I’ve been on a persistent high the last few days. Sunday was when it started. I had a long conversation with my art teacher K – we didn’t do any art in class that day, but just sat and pored over the works of artists, Impressionism and post, while another student and I listened closely to K’s commentary on them. With Google Arts and Culture, it is possible to look at thousands of pieces of high definition masterpieces, zooming out and in, from Cezanne’s landscape and still life compositions to Van Gogh’s individual brush strokes.

We did exactly that. And while I was earnestly absorbing the visual buffet with my amateur eyes, we also discussed technical and philosophical questions of art. What constitutes good structure and composition? Why was Cezanne considered the father of modern art movements such as cubism and abstract art? And the one that has been occupying my mind a lot – what is the point of art? Is it too optimistic to imagine that, through finding the meaning of art, we might also find the meaning to life?


Paul Cezanne – The Basket of Apples (circa 1893)

Classes are supposed to be only two hours, even though K never really enforces it. By the end of four hours, we had sat through a two-hour storm in the poolside pavilion where we usually have our class. The other student had left an hour ago, and I was nursing my lukewarm tea, with a million thoughts racing through my head, each one deserving and competing for my attention. The sudden expansion of information to digest took up all the brain space that I had, the pieces fusing into each other and I couldn’t remember where each piece started and ended. It was all very confusing – but satisfying.

K believes that art is a tool for self-expression, an innate need that humans have had since the age of the cavemen. To communicate something that is within ourselves, to create something from nothing. Within a technically adept painter may not necessarily live an artist. They may be excellent at portraits and landscapes, but remain at most draftsmen that are mostly good for commissions (I sense some quiet contempt there). The point of art is therefore not to please others. It is through art that we can understand more about the world and about ourselves, and through that achieve freedom.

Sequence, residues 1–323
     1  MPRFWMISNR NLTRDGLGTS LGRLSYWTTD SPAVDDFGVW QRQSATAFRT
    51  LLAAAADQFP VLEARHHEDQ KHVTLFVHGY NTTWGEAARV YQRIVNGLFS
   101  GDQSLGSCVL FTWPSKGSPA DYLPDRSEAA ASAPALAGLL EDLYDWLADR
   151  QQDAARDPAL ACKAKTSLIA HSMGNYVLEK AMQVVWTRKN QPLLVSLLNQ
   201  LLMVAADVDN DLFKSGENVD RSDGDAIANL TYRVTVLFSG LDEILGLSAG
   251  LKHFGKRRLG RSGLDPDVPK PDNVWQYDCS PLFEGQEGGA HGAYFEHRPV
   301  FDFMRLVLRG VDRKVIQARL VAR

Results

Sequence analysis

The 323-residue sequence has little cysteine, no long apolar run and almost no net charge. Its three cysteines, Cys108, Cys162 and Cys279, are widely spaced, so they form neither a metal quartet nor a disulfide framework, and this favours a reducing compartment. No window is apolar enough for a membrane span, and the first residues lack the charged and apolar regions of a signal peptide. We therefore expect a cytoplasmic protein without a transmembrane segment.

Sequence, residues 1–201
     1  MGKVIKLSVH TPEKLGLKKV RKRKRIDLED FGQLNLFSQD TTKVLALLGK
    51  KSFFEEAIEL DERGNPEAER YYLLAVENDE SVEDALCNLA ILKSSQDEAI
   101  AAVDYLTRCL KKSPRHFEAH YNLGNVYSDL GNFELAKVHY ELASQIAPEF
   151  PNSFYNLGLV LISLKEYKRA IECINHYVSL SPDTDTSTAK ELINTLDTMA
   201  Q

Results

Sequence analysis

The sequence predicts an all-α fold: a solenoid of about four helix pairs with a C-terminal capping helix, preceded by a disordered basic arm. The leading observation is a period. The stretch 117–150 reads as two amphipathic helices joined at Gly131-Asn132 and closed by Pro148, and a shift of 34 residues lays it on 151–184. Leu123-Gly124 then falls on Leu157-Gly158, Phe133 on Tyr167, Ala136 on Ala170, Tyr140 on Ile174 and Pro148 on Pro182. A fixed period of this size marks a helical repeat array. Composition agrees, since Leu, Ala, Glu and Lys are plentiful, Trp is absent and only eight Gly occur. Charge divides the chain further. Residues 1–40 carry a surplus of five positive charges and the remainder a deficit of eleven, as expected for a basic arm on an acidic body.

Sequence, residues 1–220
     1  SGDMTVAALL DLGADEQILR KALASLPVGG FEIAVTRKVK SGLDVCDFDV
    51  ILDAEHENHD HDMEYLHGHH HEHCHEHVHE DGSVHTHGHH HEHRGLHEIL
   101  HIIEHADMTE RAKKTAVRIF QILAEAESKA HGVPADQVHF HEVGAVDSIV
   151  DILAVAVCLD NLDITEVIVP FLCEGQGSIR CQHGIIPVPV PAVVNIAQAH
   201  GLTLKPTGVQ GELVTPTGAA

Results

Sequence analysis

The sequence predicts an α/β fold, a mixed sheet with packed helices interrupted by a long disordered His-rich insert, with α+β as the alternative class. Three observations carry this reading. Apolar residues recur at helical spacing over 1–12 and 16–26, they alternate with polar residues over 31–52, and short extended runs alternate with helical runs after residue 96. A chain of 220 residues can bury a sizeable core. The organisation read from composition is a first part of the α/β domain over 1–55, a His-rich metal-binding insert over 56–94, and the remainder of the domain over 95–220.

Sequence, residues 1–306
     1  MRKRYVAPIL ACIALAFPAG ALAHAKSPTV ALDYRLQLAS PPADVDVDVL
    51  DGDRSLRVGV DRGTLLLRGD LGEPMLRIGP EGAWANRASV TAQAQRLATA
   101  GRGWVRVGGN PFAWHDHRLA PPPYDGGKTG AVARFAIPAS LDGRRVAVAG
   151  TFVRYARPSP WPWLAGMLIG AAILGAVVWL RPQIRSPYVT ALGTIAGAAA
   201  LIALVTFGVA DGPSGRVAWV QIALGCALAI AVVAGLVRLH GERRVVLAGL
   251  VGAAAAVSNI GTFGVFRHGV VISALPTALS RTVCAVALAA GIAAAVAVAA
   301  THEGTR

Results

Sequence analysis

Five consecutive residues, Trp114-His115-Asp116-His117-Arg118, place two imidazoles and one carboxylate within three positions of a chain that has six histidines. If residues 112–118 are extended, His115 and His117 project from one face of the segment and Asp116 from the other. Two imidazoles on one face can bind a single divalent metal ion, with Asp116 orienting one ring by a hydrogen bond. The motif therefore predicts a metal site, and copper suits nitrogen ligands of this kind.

gauguin self portrait

Paul Gauguin – Self portrait with portrait of Bernard, ‘Les Miserables’ (1888)

To K, art is freedom. It is the ability to make full use of our senses, and to then translate all of this into a piece of unique work. A true artist has philosophy behind her work, not only technique. She draws not only with her hands but also with her mind. Upon further research at home, I can see through some quotes from Paul Gauguin, an artist that K adores, the philosophy that he might hold. Here are some that I found endearing, encouraging or wise.

  • Art is either plagiarism or revolution.
  • There are two sorts of beauty; one is the result of instinct, the other of study. A combination of the two, with the resulting modifications, brings with it a very complicated richness, which the art critic ought to try to discover.
  • Out in the sun, some painters are lined up. The first is copying nature, the second is copying the first, the third is copying the second… You see the sequence.